OBJECTIVE. We examined the feasibility of study procedures and explored the potential efficacy of Occupational Performance Coaching for stroke survivors (OPC–Stroke), an intervention designed to improve participation after stroke.
METHOD. In this pilot randomized controlled trial, 21 participants were randomized to receive the intervention or usual care. Recruitment, retention, and outcome completion rates were calculated. Direction of change and effect sizes were examined for the outcomes of participation, goal performance and satisfaction, goal self-efficacy, emotional well-being, and cognition.
RESULTS. Rates of recruitment (66%) and retention (81%) were satisfactory. Participation scores improved for both groups with different trajectories. Results showed a moderate effect of OPC–Stroke for goal performance (η2partial d = .075) and satisfaction (η2partial d = .078) and a large effect for cognition (η2partial d = .167). Other outcome measures did not change as expected.
CONCLUSION. Study procedures were generally feasible. Preliminary findings support testing to examine the efficacy of OPC–Stroke.
The majority of stroke survivors, even those with mild stroke, report reduced participation (Hartman-Maeir, Soroker, Ring, Avni, & Katz, 2007; Public Health Agency of Canada, 2011). Despite the recognition of participation as an important outcome of stroke rehabilitation (Baum, 2011), few interventions are designed to address restricted participation for people after stroke. The most successful interventions tested to date have included client goal setting, competency development, targeted information provision, emotional support, and efforts to empower the client (Desrosiers et al., 2007; Egan, Kessler, Laporte, Metcalfe, & Carter, 2007; Ertel, Glymour, Glass, & Berkman, 2007; Gilbertson, Langhorne, Walker, Allen, & Murray, 2000; Glass et al., 2004; Nour, Desrosiers, Gauthier, & Carbonneau, 2002). No intervention tested to date has integrated all of these components.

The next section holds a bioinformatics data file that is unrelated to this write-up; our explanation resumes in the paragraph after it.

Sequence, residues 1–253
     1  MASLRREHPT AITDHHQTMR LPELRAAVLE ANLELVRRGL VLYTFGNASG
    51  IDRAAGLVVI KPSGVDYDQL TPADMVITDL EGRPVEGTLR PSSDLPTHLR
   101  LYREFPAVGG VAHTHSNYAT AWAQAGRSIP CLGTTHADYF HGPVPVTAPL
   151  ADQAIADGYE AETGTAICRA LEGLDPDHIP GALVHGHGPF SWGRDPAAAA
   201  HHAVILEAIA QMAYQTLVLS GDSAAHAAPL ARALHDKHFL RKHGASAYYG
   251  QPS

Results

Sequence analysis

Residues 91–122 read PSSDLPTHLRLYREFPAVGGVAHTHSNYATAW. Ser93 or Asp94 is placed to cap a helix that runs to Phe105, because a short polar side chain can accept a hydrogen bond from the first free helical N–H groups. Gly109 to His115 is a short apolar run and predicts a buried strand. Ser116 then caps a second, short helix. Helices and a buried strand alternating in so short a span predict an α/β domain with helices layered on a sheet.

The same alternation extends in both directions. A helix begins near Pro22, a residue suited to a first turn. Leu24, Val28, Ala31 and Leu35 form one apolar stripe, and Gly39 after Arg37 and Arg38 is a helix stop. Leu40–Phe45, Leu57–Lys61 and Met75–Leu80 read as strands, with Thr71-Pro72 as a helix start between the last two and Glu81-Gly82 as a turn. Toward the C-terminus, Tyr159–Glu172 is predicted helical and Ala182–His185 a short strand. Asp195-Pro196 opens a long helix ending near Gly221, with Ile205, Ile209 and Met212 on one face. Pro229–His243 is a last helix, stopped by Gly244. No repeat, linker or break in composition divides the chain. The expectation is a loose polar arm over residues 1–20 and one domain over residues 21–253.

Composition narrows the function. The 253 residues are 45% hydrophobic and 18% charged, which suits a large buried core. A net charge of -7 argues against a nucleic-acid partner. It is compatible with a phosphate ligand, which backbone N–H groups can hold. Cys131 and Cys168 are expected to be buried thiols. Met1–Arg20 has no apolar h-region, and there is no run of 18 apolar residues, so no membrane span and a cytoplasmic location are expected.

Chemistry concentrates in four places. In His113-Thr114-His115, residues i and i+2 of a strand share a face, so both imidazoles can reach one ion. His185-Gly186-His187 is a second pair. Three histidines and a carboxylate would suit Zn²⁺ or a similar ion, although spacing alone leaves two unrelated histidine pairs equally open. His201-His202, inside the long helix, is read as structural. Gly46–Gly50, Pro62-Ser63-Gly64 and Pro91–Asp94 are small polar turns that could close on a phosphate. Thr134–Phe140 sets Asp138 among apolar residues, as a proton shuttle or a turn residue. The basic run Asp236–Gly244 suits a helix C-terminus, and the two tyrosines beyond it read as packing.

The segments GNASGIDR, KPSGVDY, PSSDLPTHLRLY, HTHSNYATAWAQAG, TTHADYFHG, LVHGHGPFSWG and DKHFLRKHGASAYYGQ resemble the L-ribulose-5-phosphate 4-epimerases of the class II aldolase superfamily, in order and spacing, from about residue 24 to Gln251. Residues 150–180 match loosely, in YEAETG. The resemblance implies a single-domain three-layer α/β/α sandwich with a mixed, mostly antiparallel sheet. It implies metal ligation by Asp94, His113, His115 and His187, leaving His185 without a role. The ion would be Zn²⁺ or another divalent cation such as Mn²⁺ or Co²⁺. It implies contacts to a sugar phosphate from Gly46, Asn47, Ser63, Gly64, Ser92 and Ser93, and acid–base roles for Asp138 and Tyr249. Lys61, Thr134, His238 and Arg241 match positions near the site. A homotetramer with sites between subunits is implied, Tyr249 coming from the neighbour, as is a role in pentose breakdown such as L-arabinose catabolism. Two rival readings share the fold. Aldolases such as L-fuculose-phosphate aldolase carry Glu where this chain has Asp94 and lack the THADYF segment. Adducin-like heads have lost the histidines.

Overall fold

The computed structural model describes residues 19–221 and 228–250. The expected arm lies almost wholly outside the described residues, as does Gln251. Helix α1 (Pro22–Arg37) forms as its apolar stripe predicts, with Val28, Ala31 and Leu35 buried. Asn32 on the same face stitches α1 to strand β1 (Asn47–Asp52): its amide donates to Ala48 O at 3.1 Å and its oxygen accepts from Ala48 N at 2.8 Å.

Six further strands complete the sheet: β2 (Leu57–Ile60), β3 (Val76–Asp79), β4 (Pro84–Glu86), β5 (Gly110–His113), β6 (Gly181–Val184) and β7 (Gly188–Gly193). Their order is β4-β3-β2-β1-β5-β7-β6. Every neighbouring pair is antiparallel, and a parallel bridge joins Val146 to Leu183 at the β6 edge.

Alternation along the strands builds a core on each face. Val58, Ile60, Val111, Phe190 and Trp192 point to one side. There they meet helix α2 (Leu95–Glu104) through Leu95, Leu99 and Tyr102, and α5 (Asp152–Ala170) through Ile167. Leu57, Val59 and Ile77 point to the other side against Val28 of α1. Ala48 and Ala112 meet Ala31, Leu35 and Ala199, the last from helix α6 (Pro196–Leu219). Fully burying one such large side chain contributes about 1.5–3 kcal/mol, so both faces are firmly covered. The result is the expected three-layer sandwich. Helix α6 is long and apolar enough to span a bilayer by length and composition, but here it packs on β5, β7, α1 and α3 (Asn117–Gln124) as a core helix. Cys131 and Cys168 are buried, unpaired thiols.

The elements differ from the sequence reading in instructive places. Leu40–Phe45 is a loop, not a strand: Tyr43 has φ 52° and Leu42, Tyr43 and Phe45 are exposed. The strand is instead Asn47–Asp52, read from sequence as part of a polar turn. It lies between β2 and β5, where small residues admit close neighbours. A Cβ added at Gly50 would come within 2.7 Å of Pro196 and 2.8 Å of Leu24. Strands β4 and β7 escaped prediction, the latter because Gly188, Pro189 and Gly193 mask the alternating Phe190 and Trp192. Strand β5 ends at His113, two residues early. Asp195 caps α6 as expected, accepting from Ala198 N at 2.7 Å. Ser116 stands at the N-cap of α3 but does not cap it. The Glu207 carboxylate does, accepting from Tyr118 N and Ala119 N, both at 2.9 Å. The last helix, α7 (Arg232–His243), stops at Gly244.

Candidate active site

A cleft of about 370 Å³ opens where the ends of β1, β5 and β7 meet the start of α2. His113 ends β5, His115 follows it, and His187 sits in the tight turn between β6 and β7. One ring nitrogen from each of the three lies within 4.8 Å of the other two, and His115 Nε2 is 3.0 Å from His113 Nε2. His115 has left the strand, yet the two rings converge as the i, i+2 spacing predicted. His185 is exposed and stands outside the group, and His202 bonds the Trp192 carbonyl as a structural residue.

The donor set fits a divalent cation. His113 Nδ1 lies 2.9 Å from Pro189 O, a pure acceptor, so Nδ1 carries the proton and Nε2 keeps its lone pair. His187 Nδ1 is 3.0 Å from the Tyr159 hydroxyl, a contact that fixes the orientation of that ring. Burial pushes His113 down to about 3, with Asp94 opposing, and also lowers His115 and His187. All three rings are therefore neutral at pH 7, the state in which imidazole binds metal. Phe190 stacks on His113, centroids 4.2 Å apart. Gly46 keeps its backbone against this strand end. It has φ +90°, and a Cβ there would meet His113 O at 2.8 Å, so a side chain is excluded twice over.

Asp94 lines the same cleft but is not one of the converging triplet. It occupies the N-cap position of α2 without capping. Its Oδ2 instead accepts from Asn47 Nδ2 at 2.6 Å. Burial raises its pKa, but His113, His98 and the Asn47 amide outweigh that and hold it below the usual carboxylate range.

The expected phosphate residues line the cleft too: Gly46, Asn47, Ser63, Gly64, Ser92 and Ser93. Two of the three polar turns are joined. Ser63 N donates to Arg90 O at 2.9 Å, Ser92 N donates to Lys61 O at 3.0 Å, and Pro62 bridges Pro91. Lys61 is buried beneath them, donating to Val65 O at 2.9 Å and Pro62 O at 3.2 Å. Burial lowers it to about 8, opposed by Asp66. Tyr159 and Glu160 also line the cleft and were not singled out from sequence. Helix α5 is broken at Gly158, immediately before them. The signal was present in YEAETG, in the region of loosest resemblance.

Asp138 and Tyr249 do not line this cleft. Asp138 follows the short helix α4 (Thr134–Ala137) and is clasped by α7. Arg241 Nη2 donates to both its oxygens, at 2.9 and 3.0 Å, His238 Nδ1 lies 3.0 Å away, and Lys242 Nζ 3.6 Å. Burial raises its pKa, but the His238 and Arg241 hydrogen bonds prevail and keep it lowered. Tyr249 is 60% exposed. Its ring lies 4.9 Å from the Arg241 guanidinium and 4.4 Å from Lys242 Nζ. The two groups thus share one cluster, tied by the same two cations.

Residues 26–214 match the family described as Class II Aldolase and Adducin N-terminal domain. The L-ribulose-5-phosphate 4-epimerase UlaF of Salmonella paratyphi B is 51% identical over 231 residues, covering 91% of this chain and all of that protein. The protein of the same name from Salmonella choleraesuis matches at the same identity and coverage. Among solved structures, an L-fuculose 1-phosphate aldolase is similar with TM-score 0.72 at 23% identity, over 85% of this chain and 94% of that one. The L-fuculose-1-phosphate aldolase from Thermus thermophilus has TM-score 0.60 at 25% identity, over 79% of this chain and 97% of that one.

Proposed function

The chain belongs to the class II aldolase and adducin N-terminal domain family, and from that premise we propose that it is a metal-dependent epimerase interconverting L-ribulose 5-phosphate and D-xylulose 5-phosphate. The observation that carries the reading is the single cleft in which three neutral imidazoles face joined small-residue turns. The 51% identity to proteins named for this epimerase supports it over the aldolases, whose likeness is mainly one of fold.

Occupational Performance Coaching adapted for stroke survivors (OPC–Stroke) is a complex intervention designed to improve engagement in occupation through provision of emotional support, individualized education, and metacognitive strategies during client goal setting and problem solving related to participation challenges. The theoretical basis of this intervention is described in detail elsewhere (Kessler, Ineza, Patel, Phillips, & Dubouloz, 2014). In brief, an occupational therapist coach encourages and guides stroke survivors to work toward the achievement of self-identified participation goals. Through the process of identifying and problem solving through small weekly goals, efforts are made to develop clients’ self-efficacy and problem-solving skills to manage participation challenges (Kessler, Ineza, et al., 2014).